Choral music is an interesting field to have interest in. The world of music is huge. Of all the different types of music, classical music is just a small sliver. Then, within classical music, choral music is an even small piece of the pie. Over the years, I've asked myself why I continue to write choral music. It's not for the money, that for sure! ;-)
I asked a question on Facebook in a group called, I'm a Choir Director: Ok, here's a question for you...without mentioning any specific composer or any specific piece, what would you say are the elements that make a good choral work?
Here's a couple of the answers that people wrote in:
There were a couple of other responses as well. I think it's really difficult to nail down what a "good" choral piece is because we all have our own ideas and prejudices. Some conductors are drawn to loud and fast, some to slow and sombre. Some conductors are drawn to Eric Whitacre, some are turned off just by the mere mention of his name. Some love open, lush chords, some love tight tone clusters. Some love Romantic era choral works, and some would spend all day in the Renaissance if they could.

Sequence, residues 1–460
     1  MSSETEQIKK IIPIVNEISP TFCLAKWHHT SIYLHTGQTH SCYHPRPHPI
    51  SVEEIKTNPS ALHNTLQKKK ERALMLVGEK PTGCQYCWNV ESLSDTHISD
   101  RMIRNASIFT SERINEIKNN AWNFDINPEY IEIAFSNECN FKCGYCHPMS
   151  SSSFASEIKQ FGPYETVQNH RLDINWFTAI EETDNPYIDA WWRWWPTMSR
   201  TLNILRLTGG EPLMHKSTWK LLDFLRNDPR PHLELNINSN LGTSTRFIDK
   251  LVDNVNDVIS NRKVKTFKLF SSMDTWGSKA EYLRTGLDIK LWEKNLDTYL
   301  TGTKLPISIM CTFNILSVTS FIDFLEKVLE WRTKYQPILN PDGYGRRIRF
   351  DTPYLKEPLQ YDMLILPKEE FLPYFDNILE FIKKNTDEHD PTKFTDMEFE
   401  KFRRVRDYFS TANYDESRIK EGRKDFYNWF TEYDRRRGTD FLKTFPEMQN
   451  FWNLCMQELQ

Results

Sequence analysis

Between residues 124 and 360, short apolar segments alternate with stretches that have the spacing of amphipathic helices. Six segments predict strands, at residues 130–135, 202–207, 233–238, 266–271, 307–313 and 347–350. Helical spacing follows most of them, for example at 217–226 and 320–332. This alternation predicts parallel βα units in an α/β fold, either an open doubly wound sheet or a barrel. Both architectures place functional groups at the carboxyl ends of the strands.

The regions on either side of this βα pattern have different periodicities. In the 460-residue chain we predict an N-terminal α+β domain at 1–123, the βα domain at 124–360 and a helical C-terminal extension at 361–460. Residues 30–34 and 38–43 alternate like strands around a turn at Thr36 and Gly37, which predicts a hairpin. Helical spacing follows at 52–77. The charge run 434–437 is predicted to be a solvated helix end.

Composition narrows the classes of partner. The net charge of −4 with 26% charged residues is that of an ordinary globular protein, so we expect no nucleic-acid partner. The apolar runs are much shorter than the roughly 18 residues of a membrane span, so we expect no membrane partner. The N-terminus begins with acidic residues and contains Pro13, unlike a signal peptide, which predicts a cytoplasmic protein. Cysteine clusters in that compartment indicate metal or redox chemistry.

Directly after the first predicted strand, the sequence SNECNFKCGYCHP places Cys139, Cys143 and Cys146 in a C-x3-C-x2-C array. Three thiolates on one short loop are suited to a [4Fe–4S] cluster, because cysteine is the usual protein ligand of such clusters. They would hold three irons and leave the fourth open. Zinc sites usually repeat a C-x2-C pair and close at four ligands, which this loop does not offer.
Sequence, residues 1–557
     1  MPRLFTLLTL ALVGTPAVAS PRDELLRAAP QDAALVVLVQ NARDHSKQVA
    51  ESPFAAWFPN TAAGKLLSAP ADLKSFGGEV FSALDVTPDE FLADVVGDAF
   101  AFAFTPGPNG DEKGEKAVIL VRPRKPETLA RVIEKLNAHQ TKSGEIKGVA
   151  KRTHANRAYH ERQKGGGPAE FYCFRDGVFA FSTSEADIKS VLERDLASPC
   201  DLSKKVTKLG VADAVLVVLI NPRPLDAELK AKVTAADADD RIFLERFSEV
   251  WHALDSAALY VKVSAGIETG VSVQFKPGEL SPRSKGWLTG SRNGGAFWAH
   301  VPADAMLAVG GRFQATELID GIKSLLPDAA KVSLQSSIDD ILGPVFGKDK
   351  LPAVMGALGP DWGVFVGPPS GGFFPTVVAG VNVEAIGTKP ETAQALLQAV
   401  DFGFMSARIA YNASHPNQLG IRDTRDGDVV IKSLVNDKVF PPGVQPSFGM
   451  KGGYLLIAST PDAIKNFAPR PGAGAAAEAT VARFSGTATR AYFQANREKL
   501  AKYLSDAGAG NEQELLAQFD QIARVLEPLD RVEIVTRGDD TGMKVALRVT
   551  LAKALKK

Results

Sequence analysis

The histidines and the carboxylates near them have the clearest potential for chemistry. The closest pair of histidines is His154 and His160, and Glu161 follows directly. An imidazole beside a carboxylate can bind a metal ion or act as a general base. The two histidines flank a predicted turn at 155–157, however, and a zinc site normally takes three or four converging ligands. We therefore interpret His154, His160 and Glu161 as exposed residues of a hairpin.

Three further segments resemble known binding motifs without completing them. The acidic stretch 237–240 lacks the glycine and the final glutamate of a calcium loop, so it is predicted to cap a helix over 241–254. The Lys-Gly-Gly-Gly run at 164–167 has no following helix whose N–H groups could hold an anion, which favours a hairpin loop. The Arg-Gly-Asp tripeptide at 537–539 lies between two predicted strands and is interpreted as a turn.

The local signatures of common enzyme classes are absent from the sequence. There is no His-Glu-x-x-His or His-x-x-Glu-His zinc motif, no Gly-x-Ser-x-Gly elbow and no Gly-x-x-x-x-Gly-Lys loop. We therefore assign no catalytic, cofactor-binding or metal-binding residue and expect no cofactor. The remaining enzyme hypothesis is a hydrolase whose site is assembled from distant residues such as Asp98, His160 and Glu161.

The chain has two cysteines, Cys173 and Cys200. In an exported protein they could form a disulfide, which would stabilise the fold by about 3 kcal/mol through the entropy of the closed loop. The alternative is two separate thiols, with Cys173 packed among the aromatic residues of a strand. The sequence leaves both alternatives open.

So, with so much subjectivity going in to determining "good" choral music, how in the world is a composer supposed to know how to write music that people enjoy? I don't know the answer to that question yet. What I do know is that I feel music inside that needs to be put on paper. That's why I write. That's why I will continue to write.
In the comments below, tell me your favorite songs and/or composers. What is one song you feel that every choral conductor should know?